Rin, your three threads on this topic seem to reflect what may turn out to be a briefly held perspective at an otherwise unrepresentative stage of your life. While you are young and fit and smart and successful financially, if you pay escorts at all, it is to go away after you have finished with them; that isn't really the same as paying for sex, and the escorts you meet that way are of a different type. As you get older, you may find that the dynamics change. Consider the Google exec who got murdered, and the owner of a certain basketball team: money might enable you to spend time with people you'd be better off without. Ditto your copied & pasted thread about the Philippines, which seems as though it might have been a fictional narrative written by a hotelier in an otherwise unknown city to generate business. For the time in your life while you are genuinely attractive, escorts may want to be with you and do things with you and if you pay them it's to leave; later, your options may narrow, and your perspective might change. People tend to be their own worst enemies, and people with more money than they know how to handle can be doubly so.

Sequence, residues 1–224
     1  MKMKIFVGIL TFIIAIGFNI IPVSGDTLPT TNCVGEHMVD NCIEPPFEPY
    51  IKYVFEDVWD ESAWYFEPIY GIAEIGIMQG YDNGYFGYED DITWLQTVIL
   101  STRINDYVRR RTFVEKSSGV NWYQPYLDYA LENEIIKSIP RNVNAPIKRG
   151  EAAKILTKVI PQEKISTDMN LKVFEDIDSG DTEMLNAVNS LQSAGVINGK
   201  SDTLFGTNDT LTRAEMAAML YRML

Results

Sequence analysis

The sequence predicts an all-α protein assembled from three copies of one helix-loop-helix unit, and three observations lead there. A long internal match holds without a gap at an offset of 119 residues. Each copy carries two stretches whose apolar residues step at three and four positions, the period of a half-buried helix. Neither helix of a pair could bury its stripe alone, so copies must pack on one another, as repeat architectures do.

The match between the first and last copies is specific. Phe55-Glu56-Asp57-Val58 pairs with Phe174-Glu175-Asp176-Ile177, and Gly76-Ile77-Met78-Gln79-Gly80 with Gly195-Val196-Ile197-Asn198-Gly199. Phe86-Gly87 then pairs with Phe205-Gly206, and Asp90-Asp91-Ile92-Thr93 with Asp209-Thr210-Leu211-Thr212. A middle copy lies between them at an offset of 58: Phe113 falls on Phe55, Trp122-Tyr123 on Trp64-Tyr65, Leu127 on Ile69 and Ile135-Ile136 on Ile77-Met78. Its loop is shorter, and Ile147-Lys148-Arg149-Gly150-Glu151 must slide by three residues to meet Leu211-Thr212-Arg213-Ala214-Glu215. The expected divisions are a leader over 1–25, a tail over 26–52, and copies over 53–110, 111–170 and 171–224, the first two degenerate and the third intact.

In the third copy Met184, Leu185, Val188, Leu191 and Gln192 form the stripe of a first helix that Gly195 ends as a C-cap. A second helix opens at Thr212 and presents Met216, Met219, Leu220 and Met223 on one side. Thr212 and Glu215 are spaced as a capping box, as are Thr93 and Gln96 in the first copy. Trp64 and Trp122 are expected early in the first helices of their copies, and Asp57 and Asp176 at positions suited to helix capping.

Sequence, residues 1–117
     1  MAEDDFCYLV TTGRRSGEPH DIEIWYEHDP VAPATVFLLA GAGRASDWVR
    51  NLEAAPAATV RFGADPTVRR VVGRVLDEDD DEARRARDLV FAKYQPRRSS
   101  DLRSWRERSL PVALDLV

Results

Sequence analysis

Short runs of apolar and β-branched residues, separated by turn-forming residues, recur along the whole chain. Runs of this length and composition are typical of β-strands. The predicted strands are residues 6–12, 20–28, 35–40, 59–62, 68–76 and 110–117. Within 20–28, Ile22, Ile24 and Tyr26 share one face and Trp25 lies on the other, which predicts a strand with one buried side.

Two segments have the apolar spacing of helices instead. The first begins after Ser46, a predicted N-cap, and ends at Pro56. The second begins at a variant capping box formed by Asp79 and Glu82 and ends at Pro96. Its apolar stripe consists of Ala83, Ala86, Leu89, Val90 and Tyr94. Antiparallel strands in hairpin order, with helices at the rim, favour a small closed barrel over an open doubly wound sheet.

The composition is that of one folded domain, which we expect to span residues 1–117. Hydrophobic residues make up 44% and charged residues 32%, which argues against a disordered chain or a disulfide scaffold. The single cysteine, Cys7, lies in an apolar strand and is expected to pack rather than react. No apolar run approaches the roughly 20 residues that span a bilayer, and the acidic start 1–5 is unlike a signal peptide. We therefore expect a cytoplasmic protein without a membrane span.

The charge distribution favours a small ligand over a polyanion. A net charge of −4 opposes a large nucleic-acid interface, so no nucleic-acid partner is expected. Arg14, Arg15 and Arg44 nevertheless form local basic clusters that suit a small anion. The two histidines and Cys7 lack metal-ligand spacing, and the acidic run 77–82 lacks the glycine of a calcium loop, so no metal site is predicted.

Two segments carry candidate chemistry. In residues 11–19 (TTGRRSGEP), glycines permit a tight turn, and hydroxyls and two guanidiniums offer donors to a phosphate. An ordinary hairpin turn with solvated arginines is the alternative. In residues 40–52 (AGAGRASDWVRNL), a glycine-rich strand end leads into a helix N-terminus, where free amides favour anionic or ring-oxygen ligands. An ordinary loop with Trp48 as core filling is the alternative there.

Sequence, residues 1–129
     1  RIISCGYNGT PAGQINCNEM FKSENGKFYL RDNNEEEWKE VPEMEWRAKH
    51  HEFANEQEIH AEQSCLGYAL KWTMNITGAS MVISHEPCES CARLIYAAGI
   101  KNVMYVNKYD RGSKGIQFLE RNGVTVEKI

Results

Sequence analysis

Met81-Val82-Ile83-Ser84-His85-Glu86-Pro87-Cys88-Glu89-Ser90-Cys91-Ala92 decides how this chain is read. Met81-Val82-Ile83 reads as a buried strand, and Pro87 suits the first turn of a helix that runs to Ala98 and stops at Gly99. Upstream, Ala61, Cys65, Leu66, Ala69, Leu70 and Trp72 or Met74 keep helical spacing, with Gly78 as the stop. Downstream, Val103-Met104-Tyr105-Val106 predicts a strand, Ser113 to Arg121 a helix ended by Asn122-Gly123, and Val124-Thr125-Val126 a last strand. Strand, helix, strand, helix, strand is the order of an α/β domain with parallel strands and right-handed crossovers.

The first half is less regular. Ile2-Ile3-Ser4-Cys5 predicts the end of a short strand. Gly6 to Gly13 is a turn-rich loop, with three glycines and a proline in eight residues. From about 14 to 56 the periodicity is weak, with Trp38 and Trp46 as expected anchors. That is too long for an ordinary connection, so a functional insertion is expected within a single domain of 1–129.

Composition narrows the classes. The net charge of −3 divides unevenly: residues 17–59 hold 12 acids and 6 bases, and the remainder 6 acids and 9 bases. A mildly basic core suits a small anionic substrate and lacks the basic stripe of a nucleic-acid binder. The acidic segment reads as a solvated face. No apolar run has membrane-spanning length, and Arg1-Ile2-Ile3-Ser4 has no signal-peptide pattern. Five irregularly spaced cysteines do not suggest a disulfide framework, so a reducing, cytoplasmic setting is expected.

• On 16 Jul 2014 in Comcast won't let customers cancel, curious2 said:

    Business Insider reports that a former Comcast rep said, "They make you do that... You have to follow a certain path. And if you don't follow it, you can be written up. They'll make up something like, 'You didn't ask this question,' or 'You should have done that.' That was an average retention representative he was on the phone with..." I switched away from AT&T for similar reasons: they advertise teaser rates that expire, and then you have to waste an hour on the phone with their 'customer service'. Eventually, I decided the savings did not justify the time and abuse. Smaller, independent companies can be much, much better.

  • On 16 Jul 2014 in Where in the world is Casey Kasem?, curious2 said:

    The late great Casey Kasem died June 15. Reportedly, he had wished to be buried in California, but he remains unburied, with future burial location unknown.